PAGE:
Miriam Hinds-Smith (MHS): I am from a family of tailors and seamstresses. My mother sewed for us as children, and in my formative years, I had the fancy idea that I would become a fashion designer. This peaked in high school, where I made everything for myself. But I would say it was a gradual process. My initial decision to pursue a path in the arts was from a completely different angle. I wanted to become a graphic designer. But at the School of Visual Arts I had greater exposure to other art forms. I knew I wanted to do something far more expansive. It was a kind of returning to something I was innately responding to when I really fell in love with textiles. I loved every facet of it — designing, creating, imagining. There are cathartic aspects to working with this medium. It provided me with a voice that was quite poignant, quite auditable, unscripted, ephemeral yet tangible.
GV: To what extent does your work reflect your personal outlook or situation — or do you see it as a broader reflection of society?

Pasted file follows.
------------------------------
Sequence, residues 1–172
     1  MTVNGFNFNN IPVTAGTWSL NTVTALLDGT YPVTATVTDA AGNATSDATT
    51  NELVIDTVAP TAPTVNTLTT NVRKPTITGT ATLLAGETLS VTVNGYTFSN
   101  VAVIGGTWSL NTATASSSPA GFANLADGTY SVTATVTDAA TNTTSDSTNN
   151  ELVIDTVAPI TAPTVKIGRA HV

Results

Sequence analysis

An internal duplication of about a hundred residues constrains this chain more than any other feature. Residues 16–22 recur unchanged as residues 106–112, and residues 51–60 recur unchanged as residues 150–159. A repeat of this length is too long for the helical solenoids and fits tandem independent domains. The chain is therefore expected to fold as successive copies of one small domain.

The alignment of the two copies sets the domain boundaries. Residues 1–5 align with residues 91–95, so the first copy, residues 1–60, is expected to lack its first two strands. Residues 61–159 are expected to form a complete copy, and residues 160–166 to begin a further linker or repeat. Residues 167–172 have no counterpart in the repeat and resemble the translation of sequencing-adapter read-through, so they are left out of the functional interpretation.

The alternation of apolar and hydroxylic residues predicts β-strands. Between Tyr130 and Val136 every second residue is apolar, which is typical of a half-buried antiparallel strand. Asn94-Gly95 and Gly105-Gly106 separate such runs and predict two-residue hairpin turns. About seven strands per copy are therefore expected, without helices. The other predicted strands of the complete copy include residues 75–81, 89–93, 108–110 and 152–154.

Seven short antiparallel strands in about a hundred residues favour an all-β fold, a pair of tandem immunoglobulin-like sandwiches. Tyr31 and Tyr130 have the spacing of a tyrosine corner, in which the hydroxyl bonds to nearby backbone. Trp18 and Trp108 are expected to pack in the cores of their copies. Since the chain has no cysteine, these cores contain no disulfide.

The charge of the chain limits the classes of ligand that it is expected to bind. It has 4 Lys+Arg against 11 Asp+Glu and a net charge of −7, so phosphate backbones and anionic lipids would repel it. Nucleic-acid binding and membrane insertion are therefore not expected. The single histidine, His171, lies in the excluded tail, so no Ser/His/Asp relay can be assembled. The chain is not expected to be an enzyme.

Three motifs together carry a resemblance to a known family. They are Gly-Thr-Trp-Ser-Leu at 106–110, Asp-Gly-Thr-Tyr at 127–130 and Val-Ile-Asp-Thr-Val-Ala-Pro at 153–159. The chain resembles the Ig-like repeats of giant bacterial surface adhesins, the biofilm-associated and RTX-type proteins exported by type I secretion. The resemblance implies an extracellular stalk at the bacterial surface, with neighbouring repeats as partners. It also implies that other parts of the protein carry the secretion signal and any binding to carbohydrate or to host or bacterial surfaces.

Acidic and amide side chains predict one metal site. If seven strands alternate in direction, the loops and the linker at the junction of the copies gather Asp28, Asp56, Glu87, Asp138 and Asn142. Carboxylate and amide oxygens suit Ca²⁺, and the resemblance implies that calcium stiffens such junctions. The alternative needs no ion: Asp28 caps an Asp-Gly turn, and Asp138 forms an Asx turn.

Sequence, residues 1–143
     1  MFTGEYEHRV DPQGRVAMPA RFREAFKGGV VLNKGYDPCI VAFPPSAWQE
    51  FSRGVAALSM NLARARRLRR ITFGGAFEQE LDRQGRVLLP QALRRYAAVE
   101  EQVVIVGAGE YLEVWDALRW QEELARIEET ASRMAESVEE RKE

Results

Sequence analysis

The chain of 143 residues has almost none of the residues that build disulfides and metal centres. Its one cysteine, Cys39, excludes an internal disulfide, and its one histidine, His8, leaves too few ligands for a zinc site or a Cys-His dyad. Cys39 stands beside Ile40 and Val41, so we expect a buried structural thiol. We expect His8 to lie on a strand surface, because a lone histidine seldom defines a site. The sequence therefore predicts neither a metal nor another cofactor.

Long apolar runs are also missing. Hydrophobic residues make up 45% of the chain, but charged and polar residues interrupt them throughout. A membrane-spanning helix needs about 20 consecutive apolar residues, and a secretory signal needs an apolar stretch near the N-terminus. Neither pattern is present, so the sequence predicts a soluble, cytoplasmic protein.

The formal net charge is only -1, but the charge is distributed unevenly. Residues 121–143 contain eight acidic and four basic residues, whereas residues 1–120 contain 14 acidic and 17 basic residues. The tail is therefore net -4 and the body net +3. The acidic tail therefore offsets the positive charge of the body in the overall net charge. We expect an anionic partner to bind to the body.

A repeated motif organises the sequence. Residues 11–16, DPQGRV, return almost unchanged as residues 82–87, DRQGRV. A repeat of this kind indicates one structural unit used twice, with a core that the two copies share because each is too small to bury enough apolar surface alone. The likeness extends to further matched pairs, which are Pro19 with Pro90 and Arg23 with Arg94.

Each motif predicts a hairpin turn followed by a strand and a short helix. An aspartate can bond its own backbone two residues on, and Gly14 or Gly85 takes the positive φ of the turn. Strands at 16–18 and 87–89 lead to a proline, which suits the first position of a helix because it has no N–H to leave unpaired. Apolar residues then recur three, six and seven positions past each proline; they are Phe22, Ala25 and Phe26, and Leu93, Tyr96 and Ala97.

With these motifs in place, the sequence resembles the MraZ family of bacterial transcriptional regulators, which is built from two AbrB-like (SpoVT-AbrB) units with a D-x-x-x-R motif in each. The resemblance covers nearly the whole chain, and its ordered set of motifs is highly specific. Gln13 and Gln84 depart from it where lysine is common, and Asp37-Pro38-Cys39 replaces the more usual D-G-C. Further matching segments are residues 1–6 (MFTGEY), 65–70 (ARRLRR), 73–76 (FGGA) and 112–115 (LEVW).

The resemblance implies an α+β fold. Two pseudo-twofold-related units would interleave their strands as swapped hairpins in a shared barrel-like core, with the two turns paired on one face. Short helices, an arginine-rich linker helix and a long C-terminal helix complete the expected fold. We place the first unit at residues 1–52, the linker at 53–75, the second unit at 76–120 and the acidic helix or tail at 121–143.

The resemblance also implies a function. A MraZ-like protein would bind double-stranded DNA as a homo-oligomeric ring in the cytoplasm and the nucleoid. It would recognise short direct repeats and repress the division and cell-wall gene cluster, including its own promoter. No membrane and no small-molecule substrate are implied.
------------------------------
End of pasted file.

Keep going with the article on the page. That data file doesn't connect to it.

MS: My work mainly reflects my personal outlook. However, as I am part of Jamaican society, obviously it would also reflect my daily thoughts and observations.
KC: The works are generally a broader reflection of society as they deal with issues of ‘othering’ faced by all women at some point in their life. However, the first reference is the self and as such, the pieces are directly speaking to issues I have faced as a woman attempting to find my identity.
MHS: It is a mix of both, my personal references and what I know — what WE know — is happening in society. It is all in front of us. For some, it does not impact directly; it's a distant thing that you hear on the news. Truth be told, the effect is often closer to home — but we either sweep it under the rug or find ways of rationalising the situation away. Unresolved injustices are not acceptable. My work has moved from the very visceral and stridently literal. With this exhibition, I chose to focus on creating a space for healing, of sanctuaries for those to whom justice has been unrequited.